Credit is so crazy nowadays. Cash advance the $5000 from a credit card at 0% interest for 18 months for a one-time fee of 1-3% ($50-$150). If you need more than 18 months to pay it off, flip it to another card for 1-3% of what’s left. That’s a three year loan for only $100-$200.

      It’s cheaper than a home equity loan (4+%), and you don’t have to talk to another human being at any point. You can do it online in under 10 minutes, and you don’t have to put your house up. Things must be really messed up when this shadiness is the smart move by far.

    • 0 avatar

      25% would have been usurious.

      But 24.59%? That’s fine. Perfectly legal.

      The worst hit I ever took was on my Lotus Esprit V8 twin turbo.

      I bought it, shipped it up, did a ton of work (professionally and myself), and sold it 8 months later because I couldn’t stand the attention associated with it (try buying milk or getting gas in one of them, I dare you). Lost about $8,000 all in.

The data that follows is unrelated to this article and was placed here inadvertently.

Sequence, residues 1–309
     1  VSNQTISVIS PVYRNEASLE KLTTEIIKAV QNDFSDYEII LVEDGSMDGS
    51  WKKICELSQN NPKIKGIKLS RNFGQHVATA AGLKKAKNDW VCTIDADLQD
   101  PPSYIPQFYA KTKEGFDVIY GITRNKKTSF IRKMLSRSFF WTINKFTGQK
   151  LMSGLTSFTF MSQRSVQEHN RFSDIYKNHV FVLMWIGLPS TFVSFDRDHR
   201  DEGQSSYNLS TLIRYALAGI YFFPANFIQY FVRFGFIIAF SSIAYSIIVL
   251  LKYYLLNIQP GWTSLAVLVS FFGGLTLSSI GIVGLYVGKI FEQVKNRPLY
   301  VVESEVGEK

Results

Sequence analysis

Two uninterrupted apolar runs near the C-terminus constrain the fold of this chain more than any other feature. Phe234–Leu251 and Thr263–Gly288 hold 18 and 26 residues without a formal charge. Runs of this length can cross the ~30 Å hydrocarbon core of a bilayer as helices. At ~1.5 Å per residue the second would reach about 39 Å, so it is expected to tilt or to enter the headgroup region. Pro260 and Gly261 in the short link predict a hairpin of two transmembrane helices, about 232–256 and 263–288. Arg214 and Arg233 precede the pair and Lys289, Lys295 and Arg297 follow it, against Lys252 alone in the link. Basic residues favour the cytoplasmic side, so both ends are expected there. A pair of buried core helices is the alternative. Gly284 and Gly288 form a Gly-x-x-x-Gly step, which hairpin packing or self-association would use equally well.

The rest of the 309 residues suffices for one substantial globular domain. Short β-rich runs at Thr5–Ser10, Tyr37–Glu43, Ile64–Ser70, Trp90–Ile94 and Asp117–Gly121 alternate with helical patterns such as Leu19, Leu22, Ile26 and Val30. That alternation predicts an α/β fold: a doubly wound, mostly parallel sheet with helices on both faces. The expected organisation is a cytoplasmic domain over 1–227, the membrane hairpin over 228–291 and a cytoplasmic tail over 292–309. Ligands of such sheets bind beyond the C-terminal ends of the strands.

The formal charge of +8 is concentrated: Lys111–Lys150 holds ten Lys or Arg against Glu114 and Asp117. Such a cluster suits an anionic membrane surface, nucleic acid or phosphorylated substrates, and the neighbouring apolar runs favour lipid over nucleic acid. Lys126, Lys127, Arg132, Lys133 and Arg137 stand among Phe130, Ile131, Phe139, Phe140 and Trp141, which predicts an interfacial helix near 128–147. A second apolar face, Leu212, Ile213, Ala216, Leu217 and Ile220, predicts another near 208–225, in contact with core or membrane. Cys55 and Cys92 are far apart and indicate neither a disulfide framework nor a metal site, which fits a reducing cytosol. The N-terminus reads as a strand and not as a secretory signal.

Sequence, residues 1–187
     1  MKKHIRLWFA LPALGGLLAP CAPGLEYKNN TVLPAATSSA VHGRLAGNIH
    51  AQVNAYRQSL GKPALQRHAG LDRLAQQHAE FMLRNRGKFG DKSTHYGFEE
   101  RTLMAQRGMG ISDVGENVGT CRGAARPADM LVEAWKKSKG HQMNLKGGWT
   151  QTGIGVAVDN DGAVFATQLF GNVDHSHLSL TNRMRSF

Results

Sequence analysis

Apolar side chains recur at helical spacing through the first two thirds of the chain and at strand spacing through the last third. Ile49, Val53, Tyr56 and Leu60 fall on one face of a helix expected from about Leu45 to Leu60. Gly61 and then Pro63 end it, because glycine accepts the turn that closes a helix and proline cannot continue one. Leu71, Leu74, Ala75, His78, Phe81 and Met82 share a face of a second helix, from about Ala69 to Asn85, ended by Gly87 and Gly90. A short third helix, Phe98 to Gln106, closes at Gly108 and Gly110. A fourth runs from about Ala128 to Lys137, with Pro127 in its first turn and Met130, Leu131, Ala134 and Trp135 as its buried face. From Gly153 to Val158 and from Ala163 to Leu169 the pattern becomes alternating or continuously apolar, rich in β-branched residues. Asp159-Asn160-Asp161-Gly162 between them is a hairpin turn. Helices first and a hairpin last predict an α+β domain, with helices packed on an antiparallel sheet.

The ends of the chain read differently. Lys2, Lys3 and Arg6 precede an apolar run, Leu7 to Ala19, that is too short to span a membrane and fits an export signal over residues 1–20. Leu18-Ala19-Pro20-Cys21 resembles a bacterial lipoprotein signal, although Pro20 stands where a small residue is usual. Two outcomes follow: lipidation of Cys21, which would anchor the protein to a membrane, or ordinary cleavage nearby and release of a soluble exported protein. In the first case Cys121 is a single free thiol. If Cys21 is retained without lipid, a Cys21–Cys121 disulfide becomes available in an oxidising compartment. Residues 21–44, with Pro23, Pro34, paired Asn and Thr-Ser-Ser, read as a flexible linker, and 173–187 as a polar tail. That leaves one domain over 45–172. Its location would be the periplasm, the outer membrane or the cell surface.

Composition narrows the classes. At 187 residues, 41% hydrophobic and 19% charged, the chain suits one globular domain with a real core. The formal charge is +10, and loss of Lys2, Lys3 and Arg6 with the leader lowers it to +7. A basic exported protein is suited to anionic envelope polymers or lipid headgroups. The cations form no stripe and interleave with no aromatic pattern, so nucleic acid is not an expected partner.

• avatar

    Back in 83, I was in the Navy and wanted a bike, got a used Kawi LTD 550. Loan rate in Norfolk for 22 year old with no credit? 33%, I paid that off as quick as I could.

  • avatar
    S2k Chris

    I’ve always lived in the era of cheap credit and captive financing, so never gotten a bad deal from that perspective.

    However, my wife traded in a mint 2000 Cherokee Classic with 48k miles on it on a new Liberty Limited in 2005, and they gave her $4500 for the Cherokee. That Cherokee is worth more than $4500 TODAY, with 100k more miles on it.

    That one stings.